Be aware that this often changes (depending on pressure and material used to clean) the surface of the part, altering it from original

The latch and hinges were spray bombed, so it's not good paint. Going to try aircraft stripper first. That should remove most of it, then fine glass beads at low 80 psi. Think that will be the least invasive method. Home Depot had the Etch and Prep. Thanks everybody.

Offline jwc66k

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Re: phosphate and oil
« Reply #9 on: January 09, 2017, 03:21:46 PM »
The latch and hinges were spray bombed, so it's not good paint. Going to try aircraft stripper first. That should remove most of it, then fine glass beads at low 80 psi. Think that will be the least invasive method.
The one area you need to concentrate is the pivot points on hinges and latches. I use TIP http://www.tptools.com/ as a source for glass beads. I like their Scat Magic http://www.tptools.com/Skat-Magic-Abrasive,354.html?b=d*8019 which is made from crushed car window glass, 40-80 grit. When you think you've done a good job, go back and do the pivot points again, there's a lot of residual lubricant and crud in there. When you "cook" the parts in 180F minimum hot water and phosphate mix, some of it will loosen and may flow out. After a cold water rinse and dry cycle, hanging the part over a pan, I flush the pivot point with WD-40 until it runs clear. These are proven and tried methods. The picture of the hood hinge (it's for a 66) is too dark and was redone from scratch to a lighter shade of gray (see the center links). The springs were not redone as they should look like they were heat treated.
Read Phosphating 101 again http://www.concoursmustang.com/forum/index.php?topic=4624.0 You will be the judge of the finished product, not me.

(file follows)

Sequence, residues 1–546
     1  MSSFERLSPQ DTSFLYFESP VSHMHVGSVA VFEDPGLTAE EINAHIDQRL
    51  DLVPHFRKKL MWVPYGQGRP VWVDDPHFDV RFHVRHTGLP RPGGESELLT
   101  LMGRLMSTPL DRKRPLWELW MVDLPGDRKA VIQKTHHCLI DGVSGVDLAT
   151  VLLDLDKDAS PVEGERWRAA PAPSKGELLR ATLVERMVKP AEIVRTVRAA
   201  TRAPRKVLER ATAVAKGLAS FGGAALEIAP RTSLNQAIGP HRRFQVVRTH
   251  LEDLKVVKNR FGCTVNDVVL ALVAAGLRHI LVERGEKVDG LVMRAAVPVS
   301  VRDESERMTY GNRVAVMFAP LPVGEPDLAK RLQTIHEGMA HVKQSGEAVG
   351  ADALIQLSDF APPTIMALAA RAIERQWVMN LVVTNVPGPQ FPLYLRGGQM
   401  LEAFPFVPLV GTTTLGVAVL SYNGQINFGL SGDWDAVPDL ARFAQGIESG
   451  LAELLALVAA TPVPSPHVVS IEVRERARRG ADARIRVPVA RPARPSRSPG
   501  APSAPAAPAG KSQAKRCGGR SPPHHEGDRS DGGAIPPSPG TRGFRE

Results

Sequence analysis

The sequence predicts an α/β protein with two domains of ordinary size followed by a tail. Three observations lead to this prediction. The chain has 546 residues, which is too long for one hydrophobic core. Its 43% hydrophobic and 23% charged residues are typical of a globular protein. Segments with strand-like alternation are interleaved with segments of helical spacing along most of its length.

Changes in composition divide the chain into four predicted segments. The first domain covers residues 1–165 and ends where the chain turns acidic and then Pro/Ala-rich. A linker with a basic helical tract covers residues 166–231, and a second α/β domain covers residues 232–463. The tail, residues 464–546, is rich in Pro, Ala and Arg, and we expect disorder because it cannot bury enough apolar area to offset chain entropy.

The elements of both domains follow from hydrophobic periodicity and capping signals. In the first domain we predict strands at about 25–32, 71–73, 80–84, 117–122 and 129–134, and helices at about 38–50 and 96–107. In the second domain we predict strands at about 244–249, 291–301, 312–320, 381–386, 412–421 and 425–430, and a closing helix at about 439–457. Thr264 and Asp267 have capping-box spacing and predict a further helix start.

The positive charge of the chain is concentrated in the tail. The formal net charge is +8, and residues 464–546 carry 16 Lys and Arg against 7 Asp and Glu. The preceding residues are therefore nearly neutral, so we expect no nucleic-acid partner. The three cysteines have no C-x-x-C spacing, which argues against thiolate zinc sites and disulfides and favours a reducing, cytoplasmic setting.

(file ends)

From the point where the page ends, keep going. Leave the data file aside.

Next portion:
Jim
I promise to be politically correct in all my posts to keep the BBBB from vociferating.

Offline preaction

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Re: phosphate and oil
« Reply #10 on: January 09, 2017, 09:00:05 PM »
If anyone is in need of a very good phosphate solution I have some bulk of E-Phos 630 which has been written about many times here and produces a very good finish for sale, please just PM me thanks Paul.
8R02S125064- January 6 1968  SJ   7F93S591808 - April 28 1967  Dearborn   7F91S544039 - December 17 1966 Dearborn

Offline Bossbill

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Re: phosphate and oil
« Reply #11 on: February 02, 2018, 11:16:02 PM »
I've been doing quite a few phosphate and oil baths lately.
Also did a bit of experimenting because when I emailed Palmetto Enterprises I didn't hear from them for a few weeks. Turns out they were on vacation. Still, auto-reply on emails isn't that hard to do!

So I tried the HD Prep and Etch first. I diluted it about 30% and got it up to temperature (180-190).
Got a lot of foam.
The Prep and Etch also resulted in bolts with a lot of fluff (loose black stuff) on them. The color looked great, but there was a lot of fluff. Tried different dip times in the soup, but still fluffy.
I also tried motor oil, but it either takes a lot of blue towels to remove or days to let the oil run off.
It works, but not as clean and well as the next method.

Palmetto emailed back and I ordered the Phosphate and the Zinc solutions.